As a Black Fashion Editor, I Have People Like André Leon Talley to Thank For My Dreams
It can be difficult to mourn someone you never met, but when that person’s had a major impact on your life, their death becomes your loss, too. Though we never actually met, I first encountered André Leon Talley years ago on the front row of fashion’s most prestigious runway shows, seated next to none other than Anna Wintour. I had to know who the lone (and flamboyantly dressed) Black editor who accompanied the industry’s most prominent figure to these rarefied events was.
Here was this boy from Durham, NC, who grew up with his grandmother during the Jim Crow era and became the highest-ranking editor in fashion history. His story filled me with hope and optimism. As a young child in Haiti, I filled notebooks with fashion sketches and wrote diary entries about my goal to make it in fashion. I fully understood what it would take when I moved to New York, and I have role models like Talley to thank for it, as he championed people who look like me, giving visibility to models like Bethann Hardison and Naomi Campbell while also actively nurturing young, talented designers.
Looking at all the Black fashion creatives taking the industry by storm today, I see his legacy everywhere.
When I picked up Talley’s memoir, The Chiffon Trenches, I was instantly moved by his immense knowledge, sharp historical references, astute collection reviews, and unwavering passion for the craft. After graduating from North Carolina Central University and studying French literature at Brown University, Talley quickly rose to the top tier of magazines – working under the iconic Diana Vreeland, then holding positions at WWD, Interview, Vanity Fair, and, eventually, Vogue as the creative director and editor at large. Among his friends, he could count influential fashion designers like Karl Lagerfeld, Yves Saint Laurent, Marc Jacobs, and Diane von Furstenberg. Even as he achieved these career milestones, Talley endured blatant discrimination at every step.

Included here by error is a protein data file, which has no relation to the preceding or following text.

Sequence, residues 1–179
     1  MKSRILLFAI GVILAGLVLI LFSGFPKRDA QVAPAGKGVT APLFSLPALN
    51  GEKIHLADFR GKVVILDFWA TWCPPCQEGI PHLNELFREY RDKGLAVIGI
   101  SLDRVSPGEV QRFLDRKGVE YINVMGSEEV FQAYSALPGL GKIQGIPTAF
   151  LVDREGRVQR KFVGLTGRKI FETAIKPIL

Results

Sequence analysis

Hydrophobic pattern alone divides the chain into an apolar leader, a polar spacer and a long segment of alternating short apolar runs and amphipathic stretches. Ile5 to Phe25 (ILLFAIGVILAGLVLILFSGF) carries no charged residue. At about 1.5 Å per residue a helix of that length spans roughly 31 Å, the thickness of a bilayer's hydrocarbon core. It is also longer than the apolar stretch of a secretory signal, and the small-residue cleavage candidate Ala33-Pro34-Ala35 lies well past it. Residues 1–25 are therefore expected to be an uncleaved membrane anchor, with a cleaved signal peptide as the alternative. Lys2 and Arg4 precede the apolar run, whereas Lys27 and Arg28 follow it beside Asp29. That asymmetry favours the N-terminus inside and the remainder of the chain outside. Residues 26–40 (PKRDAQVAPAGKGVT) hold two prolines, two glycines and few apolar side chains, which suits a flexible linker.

Still, he never let the microaggressions make him feel small. Keenly aware of his brilliance, Talley never camouflaged to fit in. He made an entrance wherever he went, often in dramatic, head-turning capes that he wore with attitude. He once said, “I may seem superficial with all my clothes, but behind the superficiality is a very serious person. Serious about the craft, passionate about the craft, passionate about the dedication to the cultural history of fashion and its significance to the world.” Whether he was giving interviews or penning incisive reviews, Talley led always with his fashion knowledge and cultivated taste. To quote him in The Chiffon Trenches, “Personal style is outstanding when it’s backed up by knowledge and confidence.”
You could say I was under the informal tutelage of Talley. Learning from him became a transformative experience that would reaffirm my calling and guide me down a path of pursuing fashion journalism. Looking at all the Black fashion creatives taking the industry by storm today, I see his legacy everywhere. To aptly capture his legacy, it’s worth reiterating what British Vogue‘s Editor in Chief Edward Enninful so succinctly said in his social media tribute: “Without you [André], there would be no me.”